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A talukhdar or talukdar or talukder or thalukdhar or taluqdar (Urdu: تعلقدار‎, Hindi: तालुक़दार, Bengali: তালুকদার) (from Arabic ta'alluq, "attachment " + dar "land"), is a term used for South Asian aristocrats and immense land holders in Mughal Empire and British times, who were mainly responsible for collecting taxes from a district. The historical equivalent in Britain might similar to a member of the landed aristocracy, or perhaps a Lord of the Manor (depending on the region of South Asia). It may convey somewhat different meanings in different parts of Bangladesh, India and Pakistan.[1]

Kinds of Taluqdars[edit]

(1) A land holder (minor royalty) with administrative power over a district of several villages in Punjab, Rajasthan, East Bengal (presently Bangladesh), and rest of North India/United Provinces.

(2) An official in Hyderabad State during the British colonial era, equivalent to a magistrate and tax collector.

(3) A landholder with peculiar tenures in various other parts of British India.


The district or estate ruled by a Taluqdar was known as talukdari or taluqdari. According to the Punjab settlement report of 1862, great land holders were appointed Taluqdars over a number of villages during the Mughal era. That Taluq or district usually comprised over 84 villages and a central town. The Talukdar was required to collect taxes, maintain law & order, and provide military supplies/manpower to the provincial government (similar to the role of feudal lords in Europe). In most cases the Talukdars were entitled to keep one tenth of the collected revenue. However, some privileged Talukdars were entitled to one quarter and hence were called Chaudhry, which literally means owner of the fourth part.

In Rajasthan, Kathiawar and Bengal, a talukdar was next only to a Raja in extent of land control and social status; but in Punjab and the United Provinces talukdars were much more powerful and were directly under the provincial governor. The late Mughal era saw the rise of powerful talukdars in Oudh, northern India, such as Balrampur,[2] Bhadri,[3] Arkha, Nanpara and Itaunja who seldom paid any collected revenue to the central government and became virtual rulers of their districts. Similarly, in northern Punjab the talukdars of Dhanni, Gheb and Kot were extremely powerful.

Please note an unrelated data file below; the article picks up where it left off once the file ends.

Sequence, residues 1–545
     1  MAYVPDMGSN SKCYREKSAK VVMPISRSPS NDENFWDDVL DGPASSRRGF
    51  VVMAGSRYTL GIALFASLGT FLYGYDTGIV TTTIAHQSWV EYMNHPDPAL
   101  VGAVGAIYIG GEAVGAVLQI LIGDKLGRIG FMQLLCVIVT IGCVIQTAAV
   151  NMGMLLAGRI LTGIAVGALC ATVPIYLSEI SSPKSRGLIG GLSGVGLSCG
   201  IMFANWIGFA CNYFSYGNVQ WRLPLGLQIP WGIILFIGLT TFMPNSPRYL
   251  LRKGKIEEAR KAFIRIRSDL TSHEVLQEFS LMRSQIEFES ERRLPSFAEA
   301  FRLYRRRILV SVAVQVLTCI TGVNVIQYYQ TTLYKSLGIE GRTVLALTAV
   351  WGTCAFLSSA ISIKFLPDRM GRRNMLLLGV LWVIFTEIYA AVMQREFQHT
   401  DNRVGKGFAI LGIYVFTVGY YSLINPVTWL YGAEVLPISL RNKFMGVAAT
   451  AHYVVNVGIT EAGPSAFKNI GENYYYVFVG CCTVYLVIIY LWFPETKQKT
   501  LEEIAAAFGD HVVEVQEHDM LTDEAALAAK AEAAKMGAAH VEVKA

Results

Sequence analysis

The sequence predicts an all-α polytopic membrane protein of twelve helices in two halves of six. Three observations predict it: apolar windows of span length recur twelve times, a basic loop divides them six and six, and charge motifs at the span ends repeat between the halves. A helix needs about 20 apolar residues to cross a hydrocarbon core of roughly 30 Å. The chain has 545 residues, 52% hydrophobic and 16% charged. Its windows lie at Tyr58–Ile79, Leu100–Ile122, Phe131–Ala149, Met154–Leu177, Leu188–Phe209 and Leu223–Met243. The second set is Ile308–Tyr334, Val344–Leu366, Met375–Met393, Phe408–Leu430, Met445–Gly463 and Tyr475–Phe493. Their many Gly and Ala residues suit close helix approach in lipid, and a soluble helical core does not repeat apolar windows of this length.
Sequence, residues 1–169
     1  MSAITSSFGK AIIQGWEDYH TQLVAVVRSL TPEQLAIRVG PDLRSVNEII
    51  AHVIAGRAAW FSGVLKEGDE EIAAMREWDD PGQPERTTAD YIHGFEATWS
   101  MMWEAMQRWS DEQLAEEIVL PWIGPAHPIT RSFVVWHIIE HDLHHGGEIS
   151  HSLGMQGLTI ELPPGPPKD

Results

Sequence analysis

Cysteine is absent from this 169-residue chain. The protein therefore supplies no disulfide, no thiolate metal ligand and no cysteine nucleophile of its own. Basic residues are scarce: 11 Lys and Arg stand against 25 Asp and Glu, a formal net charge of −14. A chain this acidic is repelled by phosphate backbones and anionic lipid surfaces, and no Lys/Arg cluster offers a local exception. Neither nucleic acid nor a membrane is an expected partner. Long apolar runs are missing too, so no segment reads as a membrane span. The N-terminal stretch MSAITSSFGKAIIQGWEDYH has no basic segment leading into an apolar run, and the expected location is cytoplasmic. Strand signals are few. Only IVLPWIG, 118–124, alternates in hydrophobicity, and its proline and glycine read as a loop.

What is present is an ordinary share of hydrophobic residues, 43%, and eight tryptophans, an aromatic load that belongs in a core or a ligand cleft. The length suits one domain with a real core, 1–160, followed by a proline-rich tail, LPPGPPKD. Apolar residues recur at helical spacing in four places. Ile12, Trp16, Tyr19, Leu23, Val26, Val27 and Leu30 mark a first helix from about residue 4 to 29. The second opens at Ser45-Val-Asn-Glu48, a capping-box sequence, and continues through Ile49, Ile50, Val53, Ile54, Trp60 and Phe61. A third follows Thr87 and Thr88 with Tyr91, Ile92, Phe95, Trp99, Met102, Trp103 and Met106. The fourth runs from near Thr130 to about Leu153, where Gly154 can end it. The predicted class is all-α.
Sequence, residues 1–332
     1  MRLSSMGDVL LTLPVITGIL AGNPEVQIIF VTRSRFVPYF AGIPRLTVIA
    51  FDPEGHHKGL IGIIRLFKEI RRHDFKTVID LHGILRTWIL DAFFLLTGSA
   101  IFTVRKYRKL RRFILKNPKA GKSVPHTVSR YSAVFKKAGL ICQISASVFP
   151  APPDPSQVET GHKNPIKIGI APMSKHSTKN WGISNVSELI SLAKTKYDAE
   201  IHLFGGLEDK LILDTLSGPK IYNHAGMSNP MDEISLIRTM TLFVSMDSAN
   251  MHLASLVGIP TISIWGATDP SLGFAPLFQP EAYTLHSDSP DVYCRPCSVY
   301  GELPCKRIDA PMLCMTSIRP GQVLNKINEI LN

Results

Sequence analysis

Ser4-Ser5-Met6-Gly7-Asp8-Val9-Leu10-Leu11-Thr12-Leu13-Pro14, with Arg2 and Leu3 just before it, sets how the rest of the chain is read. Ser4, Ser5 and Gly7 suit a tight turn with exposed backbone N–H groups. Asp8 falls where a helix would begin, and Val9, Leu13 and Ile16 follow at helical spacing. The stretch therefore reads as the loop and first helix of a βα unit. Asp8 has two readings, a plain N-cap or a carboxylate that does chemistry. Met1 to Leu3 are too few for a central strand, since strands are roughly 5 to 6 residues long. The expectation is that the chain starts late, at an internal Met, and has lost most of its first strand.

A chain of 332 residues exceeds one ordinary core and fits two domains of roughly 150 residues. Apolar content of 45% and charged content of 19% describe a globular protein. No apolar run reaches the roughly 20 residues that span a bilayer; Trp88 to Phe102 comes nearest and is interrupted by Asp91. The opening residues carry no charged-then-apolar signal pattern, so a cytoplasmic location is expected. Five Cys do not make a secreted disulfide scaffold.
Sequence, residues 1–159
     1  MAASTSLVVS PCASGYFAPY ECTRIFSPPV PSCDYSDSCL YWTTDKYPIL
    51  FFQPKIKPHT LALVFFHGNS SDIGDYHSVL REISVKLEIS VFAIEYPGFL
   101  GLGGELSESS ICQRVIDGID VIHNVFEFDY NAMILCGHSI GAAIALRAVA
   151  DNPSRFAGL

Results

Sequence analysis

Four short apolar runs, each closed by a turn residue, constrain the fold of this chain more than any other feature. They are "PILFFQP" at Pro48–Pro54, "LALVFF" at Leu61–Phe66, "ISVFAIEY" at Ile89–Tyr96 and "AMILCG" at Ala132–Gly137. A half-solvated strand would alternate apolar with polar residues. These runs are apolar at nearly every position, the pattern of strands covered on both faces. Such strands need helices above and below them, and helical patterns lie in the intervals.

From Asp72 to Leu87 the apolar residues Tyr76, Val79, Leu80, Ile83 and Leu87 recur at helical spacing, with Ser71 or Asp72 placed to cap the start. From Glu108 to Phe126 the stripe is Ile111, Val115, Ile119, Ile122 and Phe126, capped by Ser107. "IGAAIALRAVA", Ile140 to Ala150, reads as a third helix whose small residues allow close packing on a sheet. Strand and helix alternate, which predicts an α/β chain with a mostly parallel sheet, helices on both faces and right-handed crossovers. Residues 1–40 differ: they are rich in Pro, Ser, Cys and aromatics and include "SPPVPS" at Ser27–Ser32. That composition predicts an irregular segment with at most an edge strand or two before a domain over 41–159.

Eighteenth century Bengal witnessed the rise of great territorial land holders at the expense of smaller landholders who were reduced to the status of dependent taluqdars, required to pay their revenue to the government through the intermediary of the great landlords called rajas and maharajas. However many old taluqdars paid revenues to government directly and were as powerful as the Rajas.

Hyderabad State[edit]

During the Rule of the Nizams in Hyderabad State the top of the administrator / tax revenue collector hierarchy was the Subedar who had responsibility for the largest divisions of the country i.e. (the Princely State of Hyderabad) of which there were five. Below this rank, the official title of the lower division (i.e. subdivisions of five above) post holder was Tehsildar and below that rank of Taluqdar, so in effect it could be equated to the three tier ranking from province administrator to county administrator to district administrator in size from the largest to smallest. These are further divided into villages, under a Village officer.

Today, the names Talukdar and Choudhry (with variations in spelling) are common in India and in Indians settled overseas amongst the descendents of those who held this rank or role in times past.

Famous Talukdars[edit]

See also[edit]


  1. ^ Wikisource-logo.svg Chisholm, Hugh, ed. (1911). "Talukdar". Encyclopædia Britannica. 26 (11th ed.). Cambridge University Press. p. 386. 
  2. ^ Balrampur (Taluqdari)
  3. ^ Bhadri (Taluq)